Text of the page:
I have to plead grief and mental suffering at this point. I am particularly wounded by the conclusion that some of my countrymen would ascribe to their fellow Guyanese (ul Hack, Bakr, Ally) the sort of base ignorance that is born of machismo or caste/class prejudice, which leads to a reflex support of the male and condemnation of the female. It is regrettable if my own formulation of views has been so lax as to permit such an interpretation. I do not believe that rape is less complex in its criminology than other personal crimes and crimes of sexuality. And I do not think the kinds of rape possible in the range of countries mentioned in this text are all due to females flaunting it with provocative dress. We have to concede that Swami Aksharananda, in writing his first letter rejecting the idea, was quite correct in insisting that lawless clothes are not the cause of rape. We merely noted that it is a factor that speaks of attitudes to female sexuality in a given culture and place, and never a positive development.
To repeat, the argument has been deformed by the false perception that we are discussing the fallacy contained in the statement “dressing bad attracts rapists and leads to rape.” It is quite possible that men in countries where scanty wear is common (beaches at Ipanema for example) become so desensitised to the flashes of raw flesh that if any thing at all, exposure lowers male libido. Work on “the shifting erogenous zone“ would seem to suggest so.
A word of comfort to Ms Shah. Contrary to what she has heard, women reporting rape in Muslim countries are not systematically seized, tried and punished. But if you were raped during a secret encounter with an internet admirer, for example, you would, in many places, have contributed to committing a crime. In most of the Muslim world unmarried couples cannot rent a hotel room, etc. The subject needs to be rescued from the clichés with which it is now riddled. Muslims are anything but irrational and there are no crazy laws out there.
Ms Shah licks out at polygamy, which is the main reason I am writing this response. I felt, instinctively, this need to respond. She states erroneously (as do two or three apologetic latter day Muslim scholars), that polygamy was a temporary measure in reaction to lower numbers of men in proportion to women at a certain moment (due to war). Not so. In fact the Bible has a lot of polygamous prophets and other believers and Allah has nowhere condemned anyone for loving two, three, four….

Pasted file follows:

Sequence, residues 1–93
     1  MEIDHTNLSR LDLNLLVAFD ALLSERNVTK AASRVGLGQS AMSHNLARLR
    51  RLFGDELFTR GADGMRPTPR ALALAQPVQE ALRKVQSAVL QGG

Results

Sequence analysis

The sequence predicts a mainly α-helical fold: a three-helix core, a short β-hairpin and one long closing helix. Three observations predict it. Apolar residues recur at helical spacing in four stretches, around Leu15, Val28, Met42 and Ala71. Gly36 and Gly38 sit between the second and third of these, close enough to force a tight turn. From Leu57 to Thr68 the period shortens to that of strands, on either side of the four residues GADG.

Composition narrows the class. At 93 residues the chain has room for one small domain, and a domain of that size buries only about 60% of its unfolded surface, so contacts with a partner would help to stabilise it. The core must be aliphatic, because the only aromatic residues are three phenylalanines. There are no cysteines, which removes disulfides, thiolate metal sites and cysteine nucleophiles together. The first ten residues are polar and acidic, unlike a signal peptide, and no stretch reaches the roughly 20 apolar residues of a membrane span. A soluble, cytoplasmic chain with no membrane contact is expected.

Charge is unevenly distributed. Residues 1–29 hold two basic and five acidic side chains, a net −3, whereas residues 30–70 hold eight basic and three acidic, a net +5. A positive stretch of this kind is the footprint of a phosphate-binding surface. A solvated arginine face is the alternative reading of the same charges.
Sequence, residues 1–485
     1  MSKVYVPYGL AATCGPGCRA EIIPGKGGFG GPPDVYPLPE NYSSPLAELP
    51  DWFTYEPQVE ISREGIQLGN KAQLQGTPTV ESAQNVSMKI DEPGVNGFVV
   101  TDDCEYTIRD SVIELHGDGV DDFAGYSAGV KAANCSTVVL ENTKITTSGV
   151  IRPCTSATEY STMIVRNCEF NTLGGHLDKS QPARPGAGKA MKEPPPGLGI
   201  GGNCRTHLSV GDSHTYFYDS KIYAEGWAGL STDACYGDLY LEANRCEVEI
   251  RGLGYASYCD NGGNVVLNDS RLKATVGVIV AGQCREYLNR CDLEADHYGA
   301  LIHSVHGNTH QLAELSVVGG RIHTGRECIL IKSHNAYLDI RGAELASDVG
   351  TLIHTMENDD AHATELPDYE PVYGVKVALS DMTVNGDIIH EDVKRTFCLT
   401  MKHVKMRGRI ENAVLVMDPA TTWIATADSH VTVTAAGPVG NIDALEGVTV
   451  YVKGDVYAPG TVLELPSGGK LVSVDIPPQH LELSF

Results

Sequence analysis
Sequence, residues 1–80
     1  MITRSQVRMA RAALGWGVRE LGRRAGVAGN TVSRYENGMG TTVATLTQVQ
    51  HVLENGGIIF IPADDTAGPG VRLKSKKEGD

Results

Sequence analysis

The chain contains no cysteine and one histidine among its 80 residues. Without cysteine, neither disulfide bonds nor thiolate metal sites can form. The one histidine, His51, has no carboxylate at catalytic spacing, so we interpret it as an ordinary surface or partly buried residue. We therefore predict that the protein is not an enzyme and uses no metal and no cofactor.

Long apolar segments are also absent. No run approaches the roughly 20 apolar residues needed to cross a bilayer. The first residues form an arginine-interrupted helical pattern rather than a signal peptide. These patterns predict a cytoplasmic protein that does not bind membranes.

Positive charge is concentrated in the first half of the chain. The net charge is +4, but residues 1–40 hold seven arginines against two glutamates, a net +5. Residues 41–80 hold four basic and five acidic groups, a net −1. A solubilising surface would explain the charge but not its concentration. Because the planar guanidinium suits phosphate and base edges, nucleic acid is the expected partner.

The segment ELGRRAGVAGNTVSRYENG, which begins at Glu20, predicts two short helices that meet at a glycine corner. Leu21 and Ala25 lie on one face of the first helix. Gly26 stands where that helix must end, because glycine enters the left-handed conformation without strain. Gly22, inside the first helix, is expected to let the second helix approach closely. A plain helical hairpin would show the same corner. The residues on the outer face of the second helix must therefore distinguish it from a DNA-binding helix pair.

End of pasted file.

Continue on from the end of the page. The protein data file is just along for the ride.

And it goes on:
Islam came at a time when polygamy was already practised and was not responsible for its institution, nor is it recorded anywhere that it introduced a limiting clause beyond fixing a maximum number and extending conditions from the monogamous to cover cases of the polygamous. Not all women will agree. But, as I have noted elsewhere, the difference between the believing women and the others is contained in attitudes to polygamy, modest dress, birth control – among other principles.
Evidently Muslims do not take kindly to such women, our wives, mothers and daughters, being raped; not on the grounds that the rapist is a man like us. Or of the same tribe. Or of higher caste. Or rich. Or is holding our passport. So Mr Bisram is right in regarding as worrisome or worse crimes of this sort that occur in the rich Arab countries. Strangely Ms Shah seems to fear that we are advocating that rapists get off on the simple grounds that “she clothes mek me lost control.” That what was intended to be a reasonable proposition becomes stripped down to this simplification is regrettable. One fears being remembered in the archives as the men who called for freeing rapists. Or some such absurdity.